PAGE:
In March, 1969, a 35-ton carcass was found washed up on the beach of Tecoluta, Mexico. The creature had a "serpent-like body," which was covered in "hard jointed armor," and had a 10-foot bone tusk protruding from its head that was estimated to weigh one ton. Biologists examined the carcass, and though they thought it could be a narwhal, "could not match it with any sea creature known to man."
On April 20, 1969, a seven-man team of scientists reported that the monster was actually a finback whale. Finback whales are the second largest mammals on Earth, only behind the blue whale. But the scientists' explanation did not explain the giant horn on the animal's head.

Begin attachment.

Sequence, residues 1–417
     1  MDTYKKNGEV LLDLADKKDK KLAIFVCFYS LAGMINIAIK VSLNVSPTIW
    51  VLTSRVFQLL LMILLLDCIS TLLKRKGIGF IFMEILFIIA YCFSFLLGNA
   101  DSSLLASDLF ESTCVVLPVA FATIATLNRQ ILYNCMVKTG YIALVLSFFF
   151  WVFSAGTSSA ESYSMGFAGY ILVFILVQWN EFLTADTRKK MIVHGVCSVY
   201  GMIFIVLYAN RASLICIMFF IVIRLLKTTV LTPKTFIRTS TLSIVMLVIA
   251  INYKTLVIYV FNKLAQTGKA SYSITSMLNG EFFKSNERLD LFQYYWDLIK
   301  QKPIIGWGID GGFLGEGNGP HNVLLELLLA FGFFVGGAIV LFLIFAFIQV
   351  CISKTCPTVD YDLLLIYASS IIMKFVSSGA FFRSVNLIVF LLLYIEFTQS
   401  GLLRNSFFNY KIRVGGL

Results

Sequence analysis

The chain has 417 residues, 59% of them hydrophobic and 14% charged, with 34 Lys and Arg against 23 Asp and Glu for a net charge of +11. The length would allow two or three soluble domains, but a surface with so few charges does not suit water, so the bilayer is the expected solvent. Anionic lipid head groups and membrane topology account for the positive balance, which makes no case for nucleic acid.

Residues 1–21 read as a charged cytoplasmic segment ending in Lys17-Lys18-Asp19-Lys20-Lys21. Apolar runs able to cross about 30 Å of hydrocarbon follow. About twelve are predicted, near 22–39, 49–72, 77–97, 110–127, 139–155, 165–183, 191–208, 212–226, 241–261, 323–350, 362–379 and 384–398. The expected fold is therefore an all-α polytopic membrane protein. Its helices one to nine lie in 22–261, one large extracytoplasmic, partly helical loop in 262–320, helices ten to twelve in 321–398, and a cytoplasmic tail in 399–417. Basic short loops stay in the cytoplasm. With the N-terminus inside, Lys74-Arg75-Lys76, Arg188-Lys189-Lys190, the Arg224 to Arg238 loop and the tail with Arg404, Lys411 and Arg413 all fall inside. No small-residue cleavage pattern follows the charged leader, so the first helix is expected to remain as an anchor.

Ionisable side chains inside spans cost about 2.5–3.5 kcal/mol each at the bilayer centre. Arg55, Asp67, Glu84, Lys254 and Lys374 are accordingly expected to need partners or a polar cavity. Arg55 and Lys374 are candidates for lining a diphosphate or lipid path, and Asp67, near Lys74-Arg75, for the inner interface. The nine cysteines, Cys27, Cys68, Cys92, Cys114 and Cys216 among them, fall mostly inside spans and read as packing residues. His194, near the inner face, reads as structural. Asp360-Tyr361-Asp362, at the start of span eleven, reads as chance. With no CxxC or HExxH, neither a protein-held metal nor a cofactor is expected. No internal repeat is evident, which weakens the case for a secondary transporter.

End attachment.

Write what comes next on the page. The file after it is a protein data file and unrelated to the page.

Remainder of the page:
The Tecoluta mayor allowed the carcass to remain on the beach as a tourist attraction despite the horrible stench that emanated from it.
The monster was never identified, though it may have been some kind of cetacean. Bones of it are on display at the Marine Museum in Tecoluta.
This post is excerpted from my future book Global Globsters, in which I examine discoveries of "sea monster" carcasses from around the world...